Ultrafast storage fuels movie's battle scenes

Fiber-channel storage device delivered content at 600-700 MB/sec during production of The Incredible Hulk

Hired by Marvel Entertainment to help bring a 9-foot-tall gamma-powered superhero to life on the big screen, officials at the Soho VFX special effects facility needed massive storage availability to help its artists create digitally-rendered fight scenes for the film, The Incredible Hulk, which opened June 12 in Australia.

Soho VFX used a BlueArc Corp. Titan 2200 series server to generate approximately 150 digital camera frames -- totaling 16TB -- for the live-action movie, said Berj Bannayan, a co-founder and software engineer at Toronto-based Soho VFX. During the peak period of production, the fiber-channel storage device delivered content at 600-700 MB/sec. to the workstations and Dell servers of artists who were simultaneously building the special effects for the movie project.

"Each of those [artist] machines is trying to load all of this data and the BlueArc device has to keep up," noted Bannayan. "It's almost like drinking from a firehose; you have to have fast storage loaded and saved many, many times during the animation process."

Because so many frames of the movie had to be repeatedly produced at the same time, the Titan 2200 box had to respond to split-second demands from artists for hundreds of gigabytes of data-intensive and 3-D files, remarked Bannayan.

The Incredible Hulk tells the story of Bruce Banner, a scientist who uncontrollably transforms into a green-skinned goliath due to an accidental overdose of gamma radiation. In the film Banner, played by actor Ed Norton, is on the run from the US government, which wants to capture and use the Hulk for its own purposes. Near the end of the film the Hulk battles the Abomination, a former British special forces agent - portrayed in human form by Tim Roth - who volunteers to be transformed into a super-villain monstrosity.

Bannayan said Soho VFX was responsible for creating many of the digital effects for two action scenes in the film -- a battle between the Hulk and US Army soldiers in a Brazil bottle factory and a rooftop chase and long fight sequence between the Hulk and Abomination which includes a helicopter crash. "You want absolute visual fidelity to make it look like it's a real environment. There's just a lot of information that goes into making a frame, even turning a digital model into a colored image alone can be many gigabytes of data," he added.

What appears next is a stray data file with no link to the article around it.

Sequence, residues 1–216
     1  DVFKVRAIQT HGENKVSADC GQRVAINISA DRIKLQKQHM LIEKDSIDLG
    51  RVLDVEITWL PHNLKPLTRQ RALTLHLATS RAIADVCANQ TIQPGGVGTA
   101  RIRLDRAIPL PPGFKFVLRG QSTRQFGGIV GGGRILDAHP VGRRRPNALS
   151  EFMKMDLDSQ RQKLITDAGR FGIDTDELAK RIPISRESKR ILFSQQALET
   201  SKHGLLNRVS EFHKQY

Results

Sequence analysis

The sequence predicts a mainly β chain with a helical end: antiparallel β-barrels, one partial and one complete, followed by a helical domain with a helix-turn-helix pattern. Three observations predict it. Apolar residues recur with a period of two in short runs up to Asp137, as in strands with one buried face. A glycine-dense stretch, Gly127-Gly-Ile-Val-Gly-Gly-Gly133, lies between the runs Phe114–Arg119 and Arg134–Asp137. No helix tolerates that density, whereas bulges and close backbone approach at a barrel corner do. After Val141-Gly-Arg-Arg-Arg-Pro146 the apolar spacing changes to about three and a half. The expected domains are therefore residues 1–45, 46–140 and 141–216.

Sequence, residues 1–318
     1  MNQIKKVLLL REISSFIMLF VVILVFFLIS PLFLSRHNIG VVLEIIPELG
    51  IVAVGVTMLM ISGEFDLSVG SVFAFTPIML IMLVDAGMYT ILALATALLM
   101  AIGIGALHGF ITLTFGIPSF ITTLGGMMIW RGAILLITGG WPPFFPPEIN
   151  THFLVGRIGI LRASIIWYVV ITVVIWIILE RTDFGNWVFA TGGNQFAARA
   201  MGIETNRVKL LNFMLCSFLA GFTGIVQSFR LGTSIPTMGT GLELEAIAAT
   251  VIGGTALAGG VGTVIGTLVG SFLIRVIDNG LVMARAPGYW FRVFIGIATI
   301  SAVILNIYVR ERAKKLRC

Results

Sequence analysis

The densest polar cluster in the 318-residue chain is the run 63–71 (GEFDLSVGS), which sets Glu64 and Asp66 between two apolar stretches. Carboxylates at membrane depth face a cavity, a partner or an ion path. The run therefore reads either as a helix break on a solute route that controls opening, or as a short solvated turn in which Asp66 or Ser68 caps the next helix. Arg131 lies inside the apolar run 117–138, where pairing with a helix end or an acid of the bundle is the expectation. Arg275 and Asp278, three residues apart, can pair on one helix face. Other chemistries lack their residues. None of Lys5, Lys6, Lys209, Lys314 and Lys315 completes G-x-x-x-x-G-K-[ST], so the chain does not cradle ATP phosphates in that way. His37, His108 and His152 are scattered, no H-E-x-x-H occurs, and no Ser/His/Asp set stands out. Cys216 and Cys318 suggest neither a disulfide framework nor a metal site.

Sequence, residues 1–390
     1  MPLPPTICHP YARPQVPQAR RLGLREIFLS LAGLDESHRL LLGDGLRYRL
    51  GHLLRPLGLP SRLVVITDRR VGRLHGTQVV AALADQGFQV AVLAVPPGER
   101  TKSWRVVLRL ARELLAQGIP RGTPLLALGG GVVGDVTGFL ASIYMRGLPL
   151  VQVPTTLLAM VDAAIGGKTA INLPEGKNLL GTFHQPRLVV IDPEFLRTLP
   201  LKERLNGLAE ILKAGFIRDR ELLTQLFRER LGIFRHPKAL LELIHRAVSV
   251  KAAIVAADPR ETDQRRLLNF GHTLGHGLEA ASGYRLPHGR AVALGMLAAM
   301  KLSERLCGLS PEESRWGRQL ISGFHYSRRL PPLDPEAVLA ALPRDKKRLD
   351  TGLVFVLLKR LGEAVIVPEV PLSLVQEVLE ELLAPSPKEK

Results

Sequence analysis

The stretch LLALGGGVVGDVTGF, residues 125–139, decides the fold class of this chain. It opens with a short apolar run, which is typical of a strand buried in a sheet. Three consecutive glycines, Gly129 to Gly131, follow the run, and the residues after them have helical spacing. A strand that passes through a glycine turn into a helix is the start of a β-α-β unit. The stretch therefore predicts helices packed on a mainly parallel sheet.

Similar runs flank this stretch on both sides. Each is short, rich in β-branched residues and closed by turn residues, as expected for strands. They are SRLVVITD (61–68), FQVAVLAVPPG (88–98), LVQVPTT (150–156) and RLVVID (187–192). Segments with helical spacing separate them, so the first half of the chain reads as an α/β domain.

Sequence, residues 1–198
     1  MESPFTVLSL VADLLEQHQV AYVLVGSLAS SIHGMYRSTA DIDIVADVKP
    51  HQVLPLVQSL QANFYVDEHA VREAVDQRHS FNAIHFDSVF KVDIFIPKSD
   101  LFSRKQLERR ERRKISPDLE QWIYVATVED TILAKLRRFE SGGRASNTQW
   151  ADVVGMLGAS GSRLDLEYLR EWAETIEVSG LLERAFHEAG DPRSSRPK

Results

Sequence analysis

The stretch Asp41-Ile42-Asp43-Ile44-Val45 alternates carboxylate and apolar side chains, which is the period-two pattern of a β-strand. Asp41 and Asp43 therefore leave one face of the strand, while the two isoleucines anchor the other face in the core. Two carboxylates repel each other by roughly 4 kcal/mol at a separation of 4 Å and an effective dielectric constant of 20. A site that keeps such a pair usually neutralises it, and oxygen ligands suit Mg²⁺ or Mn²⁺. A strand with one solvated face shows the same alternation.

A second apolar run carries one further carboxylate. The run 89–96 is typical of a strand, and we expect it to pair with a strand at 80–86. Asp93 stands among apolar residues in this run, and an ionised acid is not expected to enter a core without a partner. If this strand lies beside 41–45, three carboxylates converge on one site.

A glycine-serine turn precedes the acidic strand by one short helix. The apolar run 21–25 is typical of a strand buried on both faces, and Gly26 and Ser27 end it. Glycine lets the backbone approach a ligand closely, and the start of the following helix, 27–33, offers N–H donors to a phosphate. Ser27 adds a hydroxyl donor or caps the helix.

Other scenes in the big budget film created using BlueArc's storage server include shots of the Abomination throwing cars and revealing the muscular progression of Roth's Blonsky character from a "40-year-old guy to a Bruce Lee body" after he is injected with the Hulk serum. "You can see the quality of his skin, he had tattoos and we had to match that - it was just as difficult as rendering the Hulk was," said Bannayan. The 12-shot sequence took 15 artists two to three months to complete, he said.

Soho VFX has created digital effects for other Marvel feature films including The Fantastic Four, The Fantastic Four 2: Rise of the Silver Surfer, and X-Men 3: The Last Stand. When working on a film with Marvel, the visual effects studio sends Marvel Studios updates of film scenes with added images almost daily in high-definition Apple Quicktime formats.

Bannayan said having fast storage capabilities in his IT architecture allows his company to more quickly finish animation and deliver images to Marvel to make desired changes in time to satisfy strict production deadlines.

BlueArc's Titan server has been installed at Soho VFX since late 2006. The storage appliance features approximately 38TB and serves as the company's entire mainline storage backbone including project data, administrative data and user home directories.

Keep up with the latest tech news, reviews and previews by subscribing to the Good Gear Guide newsletter.

Brian Fonseca

Computerworld

Comments

Comments are now closed.

Most Popular Reviews

Follow Us

Best Deals on GoodGearGuide

Shopping.com

Latest News Articles

Resources

GGG Evaluation Team

Kathy Cassidy

STYLISTIC Q702

First impression on unpacking the Q702 test unit was the solid feel and clean, minimalist styling.

Anthony Grifoni

STYLISTIC Q572

For work use, Microsoft Word and Excel programs pre-installed on the device are adequate for preparing short documents.

Steph Mundell

LIFEBOOK UH574

The Fujitsu LifeBook UH574 allowed for great mobility without being obnoxiously heavy or clunky. Its twelve hours of battery life did not disappoint.

Andrew Mitsi

STYLISTIC Q702

The screen was particularly good. It is bright and visible from most angles, however heat is an issue, particularly around the Windows button on the front, and on the back where the battery housing is located.

Simon Harriott

STYLISTIC Q702

My first impression after unboxing the Q702 is that it is a nice looking unit. Styling is somewhat minimalist but very effective. The tablet part, once detached, has a nice weight, and no buttons or switches are located in awkward or intrusive positions.

Latest Jobs

Don’t have an account? Sign up here

Don't have an account? Sign up now

Forgot password?